When category 4 Hurricane Maria lashed Puerto Rico in September 2017, it destroyed thousands of homes and businesses, flooded towns, killed nearly 3,000 people, and caused the longest electric power blackout in U.S. history. Maria was responsible for at least $90 billion in damages and the island’s economy lost 15 percent of its gross national product. It also lost at least 200,000 people to migration.
Those losses, human and financial, can be partly attributed to the blackout, the effects of which will be felt for years. Satellite observations and analyses by NASA scientists now offer a way to track those effects over time. In the case of Maria, the effects disproportionately affected remote and vulnerable communities.
In the months following the storm, scientist Miguel Román led a team of NASA researchers in developing neighborhood-scale maps of lighting across Puerto Rico. They started with data acquired nightly by the Visible Infrared Imaging Radiometer Suite (VIIRS) on the Suomi NPP satellite. VIIRS has a “day-night band,” which detects light in a range of wavelengths from green to near-infrared, including reflected moonlight, airglow, lightning, auroras, wildfires, and light from human activity (including city lights). The team then combined that night light data with Landsat and OpenStreetMap data to monitor where and when electric power was restored. They also analyzed the demographics and physical attributes of neighborhoods affected by the power outages.
The image pair above shows the extent of electric lighting across Puerto Rico through November 2017 (left) and March 2018 (right), two and six months after the storm. The composite map below shows the number of days that any given area went without power. Greens and yellows represent fewer days (0 to 60), and reds and pinks had more days in the dark (120 to 180).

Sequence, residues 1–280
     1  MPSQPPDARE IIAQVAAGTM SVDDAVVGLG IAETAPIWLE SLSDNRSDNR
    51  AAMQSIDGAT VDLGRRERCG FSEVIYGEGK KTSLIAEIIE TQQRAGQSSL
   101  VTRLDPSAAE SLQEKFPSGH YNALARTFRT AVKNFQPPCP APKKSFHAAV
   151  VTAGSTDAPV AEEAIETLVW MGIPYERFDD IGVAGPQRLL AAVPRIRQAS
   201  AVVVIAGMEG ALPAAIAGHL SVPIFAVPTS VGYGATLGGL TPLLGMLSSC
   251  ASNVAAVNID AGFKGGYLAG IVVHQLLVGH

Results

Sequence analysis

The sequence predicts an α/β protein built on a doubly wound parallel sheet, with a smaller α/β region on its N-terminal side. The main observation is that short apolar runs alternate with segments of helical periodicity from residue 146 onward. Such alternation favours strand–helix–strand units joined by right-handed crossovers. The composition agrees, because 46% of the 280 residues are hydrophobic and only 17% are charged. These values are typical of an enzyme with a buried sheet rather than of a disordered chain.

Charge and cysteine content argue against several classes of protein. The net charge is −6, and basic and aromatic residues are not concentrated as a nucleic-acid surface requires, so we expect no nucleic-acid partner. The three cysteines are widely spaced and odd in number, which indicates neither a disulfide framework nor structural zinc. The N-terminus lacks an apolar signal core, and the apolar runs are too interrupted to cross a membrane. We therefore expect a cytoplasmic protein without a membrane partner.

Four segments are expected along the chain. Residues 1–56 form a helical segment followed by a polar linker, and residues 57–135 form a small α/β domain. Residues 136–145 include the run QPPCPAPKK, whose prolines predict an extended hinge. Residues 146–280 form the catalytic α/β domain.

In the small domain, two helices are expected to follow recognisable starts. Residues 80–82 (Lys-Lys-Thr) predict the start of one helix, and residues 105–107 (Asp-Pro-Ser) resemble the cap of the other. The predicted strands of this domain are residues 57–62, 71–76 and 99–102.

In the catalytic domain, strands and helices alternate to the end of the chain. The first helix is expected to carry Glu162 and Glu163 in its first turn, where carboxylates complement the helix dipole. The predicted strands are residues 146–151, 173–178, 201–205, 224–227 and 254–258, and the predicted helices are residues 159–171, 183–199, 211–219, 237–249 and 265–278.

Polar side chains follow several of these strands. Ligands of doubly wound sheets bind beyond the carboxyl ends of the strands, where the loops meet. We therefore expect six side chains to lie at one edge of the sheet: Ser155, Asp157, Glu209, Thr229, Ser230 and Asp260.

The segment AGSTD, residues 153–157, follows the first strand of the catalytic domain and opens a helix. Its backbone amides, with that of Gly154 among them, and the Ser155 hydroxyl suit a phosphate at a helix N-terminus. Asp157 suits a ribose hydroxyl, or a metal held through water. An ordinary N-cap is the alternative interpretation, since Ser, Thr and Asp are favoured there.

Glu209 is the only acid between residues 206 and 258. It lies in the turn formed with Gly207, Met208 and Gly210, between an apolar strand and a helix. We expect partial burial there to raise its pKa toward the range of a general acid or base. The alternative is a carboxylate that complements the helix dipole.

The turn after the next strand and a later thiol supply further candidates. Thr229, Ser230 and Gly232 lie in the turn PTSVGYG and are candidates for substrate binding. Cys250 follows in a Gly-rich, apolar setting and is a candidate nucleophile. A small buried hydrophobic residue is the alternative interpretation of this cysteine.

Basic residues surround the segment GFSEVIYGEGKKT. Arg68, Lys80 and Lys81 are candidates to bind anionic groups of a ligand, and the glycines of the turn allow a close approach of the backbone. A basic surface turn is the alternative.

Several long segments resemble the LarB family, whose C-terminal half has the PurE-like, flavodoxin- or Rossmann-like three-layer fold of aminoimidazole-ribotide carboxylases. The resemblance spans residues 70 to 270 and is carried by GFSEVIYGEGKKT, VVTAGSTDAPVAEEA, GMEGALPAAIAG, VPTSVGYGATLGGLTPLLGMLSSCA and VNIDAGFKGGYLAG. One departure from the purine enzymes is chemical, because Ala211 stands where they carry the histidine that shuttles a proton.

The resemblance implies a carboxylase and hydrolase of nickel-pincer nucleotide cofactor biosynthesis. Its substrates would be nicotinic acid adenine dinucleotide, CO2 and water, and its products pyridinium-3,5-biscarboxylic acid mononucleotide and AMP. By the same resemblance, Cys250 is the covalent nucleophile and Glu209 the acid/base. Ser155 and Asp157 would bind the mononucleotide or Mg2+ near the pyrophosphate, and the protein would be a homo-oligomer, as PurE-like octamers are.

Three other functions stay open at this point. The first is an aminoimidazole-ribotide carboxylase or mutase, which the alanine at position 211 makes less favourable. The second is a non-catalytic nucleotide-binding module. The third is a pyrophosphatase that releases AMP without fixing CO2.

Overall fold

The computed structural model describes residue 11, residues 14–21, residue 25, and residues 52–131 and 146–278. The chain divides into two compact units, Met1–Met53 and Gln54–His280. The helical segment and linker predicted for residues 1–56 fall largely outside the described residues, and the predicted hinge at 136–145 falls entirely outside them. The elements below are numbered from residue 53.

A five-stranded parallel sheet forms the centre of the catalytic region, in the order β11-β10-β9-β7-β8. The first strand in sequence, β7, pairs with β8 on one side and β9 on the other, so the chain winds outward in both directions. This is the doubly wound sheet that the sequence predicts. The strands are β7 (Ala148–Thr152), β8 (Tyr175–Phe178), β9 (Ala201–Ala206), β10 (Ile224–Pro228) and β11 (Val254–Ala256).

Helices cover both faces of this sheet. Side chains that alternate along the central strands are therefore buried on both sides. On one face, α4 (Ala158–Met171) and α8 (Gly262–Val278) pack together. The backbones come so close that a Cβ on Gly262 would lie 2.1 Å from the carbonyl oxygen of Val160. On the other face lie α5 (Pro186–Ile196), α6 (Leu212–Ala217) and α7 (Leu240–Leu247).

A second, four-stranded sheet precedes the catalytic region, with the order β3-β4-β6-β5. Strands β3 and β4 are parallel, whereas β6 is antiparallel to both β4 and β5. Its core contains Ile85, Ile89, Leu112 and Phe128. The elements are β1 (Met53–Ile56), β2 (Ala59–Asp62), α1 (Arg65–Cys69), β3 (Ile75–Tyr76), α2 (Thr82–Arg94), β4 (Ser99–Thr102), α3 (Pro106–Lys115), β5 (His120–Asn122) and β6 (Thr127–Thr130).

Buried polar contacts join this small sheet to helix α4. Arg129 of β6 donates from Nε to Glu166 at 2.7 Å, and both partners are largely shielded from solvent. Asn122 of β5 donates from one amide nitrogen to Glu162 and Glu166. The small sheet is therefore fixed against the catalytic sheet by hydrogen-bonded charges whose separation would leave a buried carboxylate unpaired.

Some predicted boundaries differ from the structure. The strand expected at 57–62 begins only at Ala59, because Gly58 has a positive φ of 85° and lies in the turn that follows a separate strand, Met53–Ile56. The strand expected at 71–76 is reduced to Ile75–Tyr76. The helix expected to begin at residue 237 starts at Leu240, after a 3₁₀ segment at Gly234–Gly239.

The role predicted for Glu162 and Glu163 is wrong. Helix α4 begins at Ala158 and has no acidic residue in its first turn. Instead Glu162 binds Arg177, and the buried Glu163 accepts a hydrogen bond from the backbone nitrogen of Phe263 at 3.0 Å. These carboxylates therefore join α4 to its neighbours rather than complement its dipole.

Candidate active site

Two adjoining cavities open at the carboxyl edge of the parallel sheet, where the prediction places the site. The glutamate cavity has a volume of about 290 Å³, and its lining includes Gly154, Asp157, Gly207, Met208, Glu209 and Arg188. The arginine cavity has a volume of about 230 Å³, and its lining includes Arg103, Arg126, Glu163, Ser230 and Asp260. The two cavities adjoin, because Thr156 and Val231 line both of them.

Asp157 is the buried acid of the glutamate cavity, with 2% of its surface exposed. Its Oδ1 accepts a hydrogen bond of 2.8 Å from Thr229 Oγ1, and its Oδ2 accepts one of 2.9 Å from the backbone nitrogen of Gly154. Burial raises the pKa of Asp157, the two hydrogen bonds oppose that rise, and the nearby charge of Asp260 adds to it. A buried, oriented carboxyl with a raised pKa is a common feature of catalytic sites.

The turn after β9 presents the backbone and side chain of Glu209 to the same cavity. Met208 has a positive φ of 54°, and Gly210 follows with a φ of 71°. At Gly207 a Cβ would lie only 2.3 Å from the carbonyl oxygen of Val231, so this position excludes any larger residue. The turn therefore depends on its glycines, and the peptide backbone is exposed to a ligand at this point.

A disproportionate share of the long-duration power failures occurred in rural communities. The analysis by Román and colleagues found that 41 percent of Puerto Rico’s rural municipalities experienced prolonged periods of outage, compared to 29 percent of urban areas. In the six months after Hurricane Maria, Puerto Ricans lost an estimated 3.9 billion hours of access to electric power, and rural communities accounted for 61 percent of that loss. In the mountainous interior of the island , some residents went without power for more than 120 days. However, even some heavily populated areas had variable recovery rates between neighborhoods, with suburbs often lagging behind urban centers.
“It’s not just the electricity being lost,” Román said. “Storm damage to roads, high-voltage power lines, and bridges resulted in cascading failures across multiple sectors, making many areas inaccessible to recovery efforts. Some people lost access to other basic services like running water, sanitation, and food for extended time periods.”
The difference between urban and rural recovery rates is partly due to the centralized set-up of Puerto Rico’s energy grid, which directs power to prioritized locations rather than based on proximity to the nearest power plant, Román noted. Areas were prioritized, in part, based on their population densities, which puts rural areas at a disadvantage. Within cities, detached houses and low-density suburban areas also went longer without power.
The absence of electricity, as seen in the night lights data, offers a new way to visualize storm impacts. It is a visible indicator from space that critical infrastructure beyond power may be damaged, including access to fuel and other necessary supplies. In the study, researchers noted that the communities with long-duration power outages correspond with areas that reported reduced access to medical resources.
NASA Scientific Visualization Studio images by Kel Elkins, using Suomi NPP data courtesy of Miguel Román, NASA Goddard Space Flight Center. Story by Ellen Gray, NASA Earth Science News Team, and Mike Carlowicz.